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How Much Actual Baseball Can You Expect in Pitch?

It turns out filming realistic baseball games is VERY expensive

Megan Vick

Fox's new baseball drama Pitch isn't impressive only for it's empowering story about the first female Major League Baseball player, but also because its stylistically beautiful.

Beauty costs money though, especially when you're filming baseball games with professional sports camera equipment. Though the premiere episode features two lengthy baseball sequences, -- one from each of the baseball games that Ginny Baker (Kylie Bunbury) plays in as the starting pitcher -- it's unlikely that you'll be seeing that much actual baseball in future episodes.

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"Some [episodes] have a lot of baseball and some only have a couple of minutes. We're doing an episode that has an entire act of baseball and the whole beanball feud between the St. Louis Cardinals and the San Diego Padres. It kind of varies based on the story that we want to tell," executive producer and pilot director Paris Barclay explains to TVGuide.com. "There's one episode that takes place just in the four days between her first start and her second start pitching. We're trying to mix it up so that we can tell the personal stories as well."

The cost dilemma is not an unfamiliar one, and may actually be something that helps Pitch balance between being a sports drama and a drama that tells human stories. NBC's Friday Night Lights had trouble recruiting fans because people wrongly assumed the show would be constant football sequences, though anyone who's seen the critically acclaimed series knows it was a drama about human relationships first and a drama about high school football second. Pitch will do the same balance work with its subject matter.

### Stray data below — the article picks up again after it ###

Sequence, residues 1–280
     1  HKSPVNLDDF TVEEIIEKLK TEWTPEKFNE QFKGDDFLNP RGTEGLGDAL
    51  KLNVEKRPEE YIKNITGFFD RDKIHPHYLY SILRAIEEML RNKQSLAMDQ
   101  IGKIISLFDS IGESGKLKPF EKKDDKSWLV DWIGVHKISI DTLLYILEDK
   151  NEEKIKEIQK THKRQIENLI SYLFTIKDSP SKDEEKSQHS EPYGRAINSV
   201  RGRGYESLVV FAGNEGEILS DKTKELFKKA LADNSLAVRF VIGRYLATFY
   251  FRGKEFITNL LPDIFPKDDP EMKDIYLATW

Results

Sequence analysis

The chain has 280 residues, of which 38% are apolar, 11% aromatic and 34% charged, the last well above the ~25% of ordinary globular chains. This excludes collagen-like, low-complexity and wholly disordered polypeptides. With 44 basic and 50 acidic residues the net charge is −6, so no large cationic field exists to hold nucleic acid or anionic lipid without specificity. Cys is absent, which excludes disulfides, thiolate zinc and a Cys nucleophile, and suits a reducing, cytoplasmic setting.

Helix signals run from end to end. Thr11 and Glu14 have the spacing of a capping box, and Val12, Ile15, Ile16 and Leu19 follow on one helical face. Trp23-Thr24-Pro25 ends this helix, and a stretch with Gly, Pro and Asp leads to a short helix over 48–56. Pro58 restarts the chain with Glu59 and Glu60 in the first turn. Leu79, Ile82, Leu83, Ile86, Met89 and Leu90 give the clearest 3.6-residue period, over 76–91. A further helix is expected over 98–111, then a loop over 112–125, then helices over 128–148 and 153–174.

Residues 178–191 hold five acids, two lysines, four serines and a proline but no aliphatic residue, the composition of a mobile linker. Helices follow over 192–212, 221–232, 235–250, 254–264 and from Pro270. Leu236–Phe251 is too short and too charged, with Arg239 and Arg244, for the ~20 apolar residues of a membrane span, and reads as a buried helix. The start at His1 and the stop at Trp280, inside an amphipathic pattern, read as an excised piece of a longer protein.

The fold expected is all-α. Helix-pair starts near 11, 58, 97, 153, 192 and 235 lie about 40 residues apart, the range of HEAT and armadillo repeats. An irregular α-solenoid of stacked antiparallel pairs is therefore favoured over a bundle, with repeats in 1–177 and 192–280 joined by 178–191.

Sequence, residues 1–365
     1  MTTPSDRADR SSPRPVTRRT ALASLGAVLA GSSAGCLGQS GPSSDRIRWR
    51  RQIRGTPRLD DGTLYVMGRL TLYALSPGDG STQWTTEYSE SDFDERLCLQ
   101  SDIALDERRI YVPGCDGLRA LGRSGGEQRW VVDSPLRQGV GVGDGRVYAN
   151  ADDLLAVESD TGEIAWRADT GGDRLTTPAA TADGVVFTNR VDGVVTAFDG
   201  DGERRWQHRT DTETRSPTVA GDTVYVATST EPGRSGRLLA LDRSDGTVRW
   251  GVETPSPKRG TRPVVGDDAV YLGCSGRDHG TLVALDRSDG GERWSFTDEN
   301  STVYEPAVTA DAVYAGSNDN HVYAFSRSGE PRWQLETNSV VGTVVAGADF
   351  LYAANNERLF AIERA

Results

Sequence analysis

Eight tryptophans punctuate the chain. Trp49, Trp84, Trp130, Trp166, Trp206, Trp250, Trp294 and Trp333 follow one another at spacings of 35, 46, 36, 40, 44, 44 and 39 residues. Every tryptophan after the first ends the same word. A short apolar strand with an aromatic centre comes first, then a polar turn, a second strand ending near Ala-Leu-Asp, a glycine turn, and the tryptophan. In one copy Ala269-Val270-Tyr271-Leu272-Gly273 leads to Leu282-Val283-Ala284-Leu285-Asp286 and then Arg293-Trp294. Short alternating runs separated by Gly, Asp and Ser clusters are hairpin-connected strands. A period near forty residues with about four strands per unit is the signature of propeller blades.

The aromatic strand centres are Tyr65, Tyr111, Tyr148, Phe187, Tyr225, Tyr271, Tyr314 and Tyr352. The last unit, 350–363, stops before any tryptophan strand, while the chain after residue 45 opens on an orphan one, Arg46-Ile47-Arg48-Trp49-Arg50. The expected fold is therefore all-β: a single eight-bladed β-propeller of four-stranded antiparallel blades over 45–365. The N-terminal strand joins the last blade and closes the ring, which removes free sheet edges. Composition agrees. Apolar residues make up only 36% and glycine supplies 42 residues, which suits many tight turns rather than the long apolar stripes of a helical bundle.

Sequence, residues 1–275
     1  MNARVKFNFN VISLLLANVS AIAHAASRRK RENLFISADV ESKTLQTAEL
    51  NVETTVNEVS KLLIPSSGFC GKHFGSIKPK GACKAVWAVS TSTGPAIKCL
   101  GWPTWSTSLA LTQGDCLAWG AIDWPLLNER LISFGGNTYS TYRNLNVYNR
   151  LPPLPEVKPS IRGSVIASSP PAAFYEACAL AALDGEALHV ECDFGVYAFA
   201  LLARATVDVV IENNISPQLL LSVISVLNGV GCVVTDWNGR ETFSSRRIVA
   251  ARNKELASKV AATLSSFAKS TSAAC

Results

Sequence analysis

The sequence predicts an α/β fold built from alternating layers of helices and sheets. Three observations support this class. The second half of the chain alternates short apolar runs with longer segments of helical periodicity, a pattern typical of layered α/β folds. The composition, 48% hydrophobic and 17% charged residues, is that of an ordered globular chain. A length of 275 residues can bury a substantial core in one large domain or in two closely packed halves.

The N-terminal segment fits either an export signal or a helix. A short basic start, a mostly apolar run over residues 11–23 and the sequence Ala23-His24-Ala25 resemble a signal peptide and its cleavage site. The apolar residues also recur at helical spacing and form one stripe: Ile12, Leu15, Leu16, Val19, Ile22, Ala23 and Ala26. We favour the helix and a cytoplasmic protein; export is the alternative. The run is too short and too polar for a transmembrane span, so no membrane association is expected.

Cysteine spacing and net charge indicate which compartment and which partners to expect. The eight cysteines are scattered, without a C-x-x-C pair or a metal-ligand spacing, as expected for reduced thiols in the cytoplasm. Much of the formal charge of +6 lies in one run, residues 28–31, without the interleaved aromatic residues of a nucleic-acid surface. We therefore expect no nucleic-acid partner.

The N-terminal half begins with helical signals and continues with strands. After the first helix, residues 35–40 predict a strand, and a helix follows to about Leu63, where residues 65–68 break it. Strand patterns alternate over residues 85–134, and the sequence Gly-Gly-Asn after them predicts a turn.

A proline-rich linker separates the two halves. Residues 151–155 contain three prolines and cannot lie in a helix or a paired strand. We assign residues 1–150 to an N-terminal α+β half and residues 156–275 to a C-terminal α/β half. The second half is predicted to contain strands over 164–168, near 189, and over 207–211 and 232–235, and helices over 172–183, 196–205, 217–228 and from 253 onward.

But when Pitch is about baseball, it has a distinct advantage over most sports shows. Pitch has an unprecedented deal with Major League Baseball which allows them to film in Petco Park, the same stadium MLB's San Diego Padres play in, to give the show an extra layer of authenticity. Pitch had to get creative about filming schedules to not only cut costs but to be able to work around the real San Diego Padres' schedule. The team goes down to San Diego for blocks at a time to film the baseball sequences for multiple episodes and then films the non-game footage on their soundstage in Los Angeles.

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"The Padres have been very cooperative with us," executive producer Rick Singer tells TVGuide.com. "We just went down there for a week to shoot five episodes worth of baseball sequences. We're able to get access without having to go down there every week, which is just not tenable production wise. We're able to get ahead enough script-wise to know what the big sequences for several episodes in a row are going to be. We're shooting it more like a movie that way...We also shot at Dodger Stadium, which was amazing. We get ahead of the ball, no pun intended, and shoot all of our baseball sequences all at once."

Pitch also has a secret weapon in keeping the style of the episodes consistent. Barclay will direct three more episodes besides the pilot, and has also taken on a mentor-type role for the other guest directors. He provides them with tips and advice based on what he learned with the pilot to help everyone keep a streamlined look for the show.

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"What I do is help [the directors] learn what I think makes the pilot work and use some of those skills and stylistic devices in the later episodes," Barclay says. "The number-one thing is taking care of Ginny Baker/Kylie Bunbury. She's the core of [Pitch]... I ask all the directors to pay special mindful attention to her because without her we don't have a show."

Pitch continues Thursdays at 9/8c on Fox.